Nostalgia/Attachment
Many people get very attached to items. In this case the question is whether your real attachment is to the RISC PC (which has not developed) or running RISC OS on a powerful machine (which has).
 
Backwards support
It may be that you cannot live without a specific piece of software hardware which only runs on these old machines. In which case, we would love to hear what it is. Maybe there are alternatives or interest in providing a more modern alternative?
 
Inertia
It has always worked and so no need to change.This is true, but computing moves on and you can now get faster machines with more modern versions of RISC OS and get more done on your favourite platform. Ironically, most modern televisions have HDMI inputs, so we can now go back to the 80s with our new Raspberry Pi plugged into the TV!
 
So what computer will you be using in 2017?
 
5 comments in the forums

Native versus emulation in 2016 (Part 3)

Posted by Mark Stephens on 11:39, 24/12/2016 | ,
 
In Part2 of our speed comparison, I wondered whether there would be a signficant change to the figures from Emulation if we tried a different processor or screen resolution. So in Part 3, let us see...
 
1680 x 1050 in 32M, 32K and 256 colours for test 4
Processor - Looped instructions (cache)
489562 275% 480160 269% 502375 282%
Memory - Multiple register transfer
8569 5289% 8349 5153% 8828 5449%
Rectangle Copy - Graphics acceleration test
2842 1174% 5033 2079% 8751 3616%
Icon Plotting - 16 colour sprite with mask
23098 1154% 19288 964% 23032 1151%
Draw Path - Stroke narrow line
4950 317% 5209 333% 5309 340%
Draw Fill - Plot filled shape
5533 379% 6111 418% 6814 467%
HD Read - Block load 8MB file
586290 19660% 616427 20671% 618415 20738%
HD Write - Block save 8MB file
554164 18223% 502875 16536% 535318 17603%
FS Read - Byte stream file in
2613 1262% 2678 1293% 2681 1295%
FS Write - Byte stream file out
1188 618% 1190 619% 1190 619%
 
It looks like Retangle Copy is significantly faster in 32K mode compared to 16M but otherwise we see little advantage on these tests (remember we get slightly different results every time we run the tests so we should not be concerned at small differences).
 
710 ARM versus StrongArm Processor emulation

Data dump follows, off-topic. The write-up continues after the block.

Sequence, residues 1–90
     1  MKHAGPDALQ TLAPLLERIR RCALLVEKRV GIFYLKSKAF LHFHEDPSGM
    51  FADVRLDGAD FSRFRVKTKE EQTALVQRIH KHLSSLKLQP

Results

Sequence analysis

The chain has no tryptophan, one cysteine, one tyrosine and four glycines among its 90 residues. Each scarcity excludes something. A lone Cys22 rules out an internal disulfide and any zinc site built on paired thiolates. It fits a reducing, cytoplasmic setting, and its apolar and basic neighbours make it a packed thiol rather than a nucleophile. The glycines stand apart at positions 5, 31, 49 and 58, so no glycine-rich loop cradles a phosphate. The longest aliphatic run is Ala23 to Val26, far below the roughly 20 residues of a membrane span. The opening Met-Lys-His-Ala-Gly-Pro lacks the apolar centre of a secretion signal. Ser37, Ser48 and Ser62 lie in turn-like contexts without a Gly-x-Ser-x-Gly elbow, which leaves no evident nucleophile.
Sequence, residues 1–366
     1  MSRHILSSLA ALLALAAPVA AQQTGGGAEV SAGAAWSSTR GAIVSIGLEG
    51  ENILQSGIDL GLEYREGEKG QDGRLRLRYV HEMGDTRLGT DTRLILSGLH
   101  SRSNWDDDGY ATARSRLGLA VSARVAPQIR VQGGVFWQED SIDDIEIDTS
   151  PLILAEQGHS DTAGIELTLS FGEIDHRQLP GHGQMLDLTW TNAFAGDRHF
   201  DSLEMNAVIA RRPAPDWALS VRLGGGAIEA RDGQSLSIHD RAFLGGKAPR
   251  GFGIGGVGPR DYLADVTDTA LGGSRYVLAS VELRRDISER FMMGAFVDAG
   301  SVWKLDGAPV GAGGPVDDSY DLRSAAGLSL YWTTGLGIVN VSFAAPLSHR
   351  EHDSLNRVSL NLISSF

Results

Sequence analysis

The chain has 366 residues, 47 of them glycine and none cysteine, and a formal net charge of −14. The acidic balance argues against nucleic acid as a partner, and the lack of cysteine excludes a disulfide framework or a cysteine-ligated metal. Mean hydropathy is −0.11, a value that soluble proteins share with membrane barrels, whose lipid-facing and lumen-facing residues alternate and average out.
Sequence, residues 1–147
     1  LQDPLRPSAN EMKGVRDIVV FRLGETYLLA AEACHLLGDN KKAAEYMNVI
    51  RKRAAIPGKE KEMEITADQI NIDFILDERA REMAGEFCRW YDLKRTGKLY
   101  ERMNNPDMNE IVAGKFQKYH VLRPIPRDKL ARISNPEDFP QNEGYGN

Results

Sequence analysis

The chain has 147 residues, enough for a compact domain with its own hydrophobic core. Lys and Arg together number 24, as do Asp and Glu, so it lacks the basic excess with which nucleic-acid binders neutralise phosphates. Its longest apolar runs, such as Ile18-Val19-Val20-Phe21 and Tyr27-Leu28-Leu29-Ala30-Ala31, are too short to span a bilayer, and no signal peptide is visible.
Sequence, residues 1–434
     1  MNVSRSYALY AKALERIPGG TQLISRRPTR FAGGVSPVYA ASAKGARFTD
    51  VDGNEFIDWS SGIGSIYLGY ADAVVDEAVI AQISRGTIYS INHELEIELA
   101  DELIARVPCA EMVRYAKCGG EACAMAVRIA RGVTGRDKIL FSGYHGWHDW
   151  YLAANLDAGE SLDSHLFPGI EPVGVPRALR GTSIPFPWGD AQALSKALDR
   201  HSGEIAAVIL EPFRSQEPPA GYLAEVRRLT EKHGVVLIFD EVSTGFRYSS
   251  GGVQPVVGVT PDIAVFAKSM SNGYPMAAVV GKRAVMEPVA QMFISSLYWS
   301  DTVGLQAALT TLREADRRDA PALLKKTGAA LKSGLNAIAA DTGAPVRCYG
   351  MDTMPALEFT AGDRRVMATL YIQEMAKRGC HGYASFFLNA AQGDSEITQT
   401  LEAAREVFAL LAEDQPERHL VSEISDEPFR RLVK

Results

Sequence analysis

Processor - Looped instructions (cache)
501300 281% 498030 279%
Memory - Multiple register transfer
8916 5503% 8723 5384%
Rectangle Copy - Graphics acceleration test
2776 1147% 2726 1126%
Icon Plotting - 16 colour sprite with mask
23293 1164% 24660 1233%
Draw Path - Stroke narrow line
5196 333% 4969 318%
Draw Fill - Plot filled shape
5633 386% 5684 389%
HD Read - Block load 8MB file
583984 19583% 583984 19583%
HD Write - Block save 8MB file
510986 16803% 546133 17958%
FS Read - Byte stream file in
2687 1298% 2643 1276%
FS Write - Byte stream file out
1165 606% 1187 618%
 
So it looks like if your usage is similar to that measured in these tests, there is not a significant difference running on MacPro. As we suggested last time, this is a valid test but it may not be a fair comparison for your usage. And it only looks at raw speed not other factors which may be important to you such as power usage (Titanium easily wins), portability (you will want a laptop and should be comparing PiTop versus Mac) or ability to run macOS, Linux, Windows (MacPro is only contender).
 
There are other settings in the VirtualAcorn configuration file (VA.cfg) which may also be worth experimenting with. So what is your personal experience? And what settings are you tweaking for maximum performance on your Mac or Windows box?
 
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Voting now open for 2016 RISC OS Awards

Posted by Jeffrey Lee on 15:45, 18/12/2016 | , ,
 
For the past few years Vince Hudd of RISCOSitory has been organising the community-led RISC OS Awards, and he's just announced that the voting form for the 2016 awards is now available. And unlike some other votes that have happened this year, the RISC OS Awards can only lead to good things, so please head on over and take a look.
 
The voting form will be up until late February, which means the results are to be expected sometime in March.
 
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Native versus emulation in 2016 (Part 2)

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RISC OS Interview - Rob Sprowson

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Native versus emulation for running RISC OS in 2017 (Part 1)

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How I Learned to Stop Worrying and Leave RISC OS: 10 Years On

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RISC OS Interviews - Hilary and Matthew Philips

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!Organizer reaches 2.26

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Recent discussions
- Get back to BASIC at no cost, by RISC OS FR (News:1)
- Rob Sprowson talk at January Rougol meet-up (News:)
- ROOL updates RISC OS development toolset to release 27 (News:)
- R-Comp support scheme (News:)
- RISC OS Laptops (Gen:5)
- Most recent first? (Site:1)
- What would you like/hope to see in 2017 (News:3)
- Keeping up with RISC OS in 2017 (News:)
- Will you still be using a RISC PC in 2017? (News:5)
- Native versus emulation in 2016 (Part 3) (News:)